First was the decision to close schools (made on the evening of Saturday 3/14). Just yesterday was the decision that all high school students who ever passed a course and failed the regents -ever- will be given regents credit as long as they "were going to" take the regents in June.
And now, Andrew Cuomo has frozen the pay of most all employees paid by the state (including employees from the powerful Law Enforcement lobby, which is rare. They carry a lot of weight in Albany)
... two major unions say they were informed of the pay deferral late Wednesday and said they were told it will impact other unions as well. They were told the deferral will be at least 90 days, though there is no guaranteed end date.They were expecting a 2% raise for many of their members by the end of the month. The largest public-employee union, the Civil Service Employees Association, criticized the decision.
At least the unions themselves had a sharp elbowed response for the press
“It’s inexcusable to require our workers to literally face death to ensure the state keeps running and then turn around and deny those very workers their much-deserved raise in this time of crisis,” said CSEA president Mary Sullivan.
Last week, de Blasio took -not froze, but took- the remaining budgets of all NYC schools. For a great many 'Title I" schools this was over 40% of their annual budget. For 75% or higher "Title I" schools, this was closer to 45% or 50% of their total annual budget (the 'mid yea adjustment for Title I schools is huge). Insiders from the DOE tell me they were preparing for this for a week or two before it happened and were surprised that it never registered as anything more than a blip in the press. They, of course, blamed the union.
And this has been constant from the non union managerial class of the city for almost 2 weeks now. The unions -with their work rules and their required pay agreements- are the ones making it very hard for the city to do its business during these trying times. That's not a quote. It's just the trope that I am hearing repeated over and over again in text messages and through social media.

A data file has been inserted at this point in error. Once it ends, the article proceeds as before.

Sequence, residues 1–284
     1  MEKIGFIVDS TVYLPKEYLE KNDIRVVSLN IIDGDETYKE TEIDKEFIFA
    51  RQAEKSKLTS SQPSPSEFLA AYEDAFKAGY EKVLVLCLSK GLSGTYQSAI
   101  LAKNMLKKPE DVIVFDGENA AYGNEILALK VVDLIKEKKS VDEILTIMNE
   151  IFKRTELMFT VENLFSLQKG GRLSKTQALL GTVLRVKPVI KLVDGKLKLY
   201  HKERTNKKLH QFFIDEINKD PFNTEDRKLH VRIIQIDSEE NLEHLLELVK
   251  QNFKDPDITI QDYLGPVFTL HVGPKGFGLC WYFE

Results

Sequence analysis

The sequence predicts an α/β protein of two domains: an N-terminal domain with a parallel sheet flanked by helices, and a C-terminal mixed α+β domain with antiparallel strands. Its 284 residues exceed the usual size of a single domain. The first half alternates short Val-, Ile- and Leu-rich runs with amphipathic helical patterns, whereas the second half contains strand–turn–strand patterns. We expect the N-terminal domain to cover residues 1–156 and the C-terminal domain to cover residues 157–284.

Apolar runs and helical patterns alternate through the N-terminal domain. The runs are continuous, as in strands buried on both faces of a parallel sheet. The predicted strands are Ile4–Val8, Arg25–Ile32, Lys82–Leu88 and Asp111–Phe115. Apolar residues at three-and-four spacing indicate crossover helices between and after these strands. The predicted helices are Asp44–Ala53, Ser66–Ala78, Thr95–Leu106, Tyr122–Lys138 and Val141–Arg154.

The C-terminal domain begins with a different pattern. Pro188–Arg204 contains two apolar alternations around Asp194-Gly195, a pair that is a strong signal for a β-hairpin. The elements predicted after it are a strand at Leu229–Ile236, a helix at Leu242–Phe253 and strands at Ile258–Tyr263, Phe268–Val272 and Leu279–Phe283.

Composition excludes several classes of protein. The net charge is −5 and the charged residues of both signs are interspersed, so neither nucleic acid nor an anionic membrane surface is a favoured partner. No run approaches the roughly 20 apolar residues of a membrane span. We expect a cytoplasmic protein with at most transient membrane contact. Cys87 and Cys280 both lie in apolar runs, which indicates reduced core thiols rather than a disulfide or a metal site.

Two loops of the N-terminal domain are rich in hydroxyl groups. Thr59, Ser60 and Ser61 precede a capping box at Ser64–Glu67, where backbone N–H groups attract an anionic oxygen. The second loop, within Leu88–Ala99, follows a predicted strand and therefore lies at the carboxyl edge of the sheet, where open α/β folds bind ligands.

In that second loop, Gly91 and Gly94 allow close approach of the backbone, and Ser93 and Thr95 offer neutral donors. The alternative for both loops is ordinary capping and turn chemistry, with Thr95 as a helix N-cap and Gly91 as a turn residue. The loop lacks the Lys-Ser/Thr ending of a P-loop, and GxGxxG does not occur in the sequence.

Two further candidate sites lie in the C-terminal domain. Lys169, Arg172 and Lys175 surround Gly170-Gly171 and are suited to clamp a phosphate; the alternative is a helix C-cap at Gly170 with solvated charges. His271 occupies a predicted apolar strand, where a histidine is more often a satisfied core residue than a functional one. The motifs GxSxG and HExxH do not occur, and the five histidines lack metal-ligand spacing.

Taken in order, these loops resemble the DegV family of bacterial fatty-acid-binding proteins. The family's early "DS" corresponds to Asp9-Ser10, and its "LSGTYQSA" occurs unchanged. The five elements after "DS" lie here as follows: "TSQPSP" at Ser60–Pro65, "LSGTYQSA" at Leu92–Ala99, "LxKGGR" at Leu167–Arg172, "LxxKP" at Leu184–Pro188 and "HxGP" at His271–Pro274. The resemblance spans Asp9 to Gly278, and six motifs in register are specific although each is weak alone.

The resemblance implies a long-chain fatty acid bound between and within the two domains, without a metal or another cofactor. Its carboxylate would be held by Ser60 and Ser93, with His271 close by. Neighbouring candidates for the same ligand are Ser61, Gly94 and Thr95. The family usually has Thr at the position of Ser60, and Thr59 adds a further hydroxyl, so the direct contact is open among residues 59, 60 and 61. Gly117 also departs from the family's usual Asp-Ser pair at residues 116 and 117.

NYS Teachers' pay raise (our first real raise in several years) was scheduled to go into effect next month. I can't recall how many public employee unions there are in the city, but I imagine they were due for scheduled salary increases as well over the course of this and next fiscal year. It's a good bet to rethink whether that is going to happen.
There is no law on the books to stop de Blasio from freezing pay. He has already demonstrated that he can alter a union contract and, in fact, has done so when he "decided" to give UFT members four days of CAR time in exchange for working four holidays without discussion. There is no law on the books to to stop him from freezing pay either.
And with the terrible calamity unfolding -of what is clearly the biggest cataclysm since World War II- right here in the Big Apple, UFT members would be well served to not consider the context and not the act when it happens. In other words, don't complain. That's our money. Those are our raises. But this is one time this unionist believes it is much better to count our blessings rather than die on this hill. We should go back to get what's ours after this crisis subsides.
That's just my two cents. You're free to disagree with me. But I am much more interested in figuring out how to safely navigate a super market this weekend than I am in digging a foxhole about that raise (I can't believe I just write that ... strange times ...)
You would be right if the UFT leaderships was protecting our backs. Unfortunately , Mulgrew and the UFT is a fifth column ofReplyDelete
Never ending betrayal and disloyalty to the rank and file membership. You are entitled to you own exceedingly naive analysis, however wrong it may be.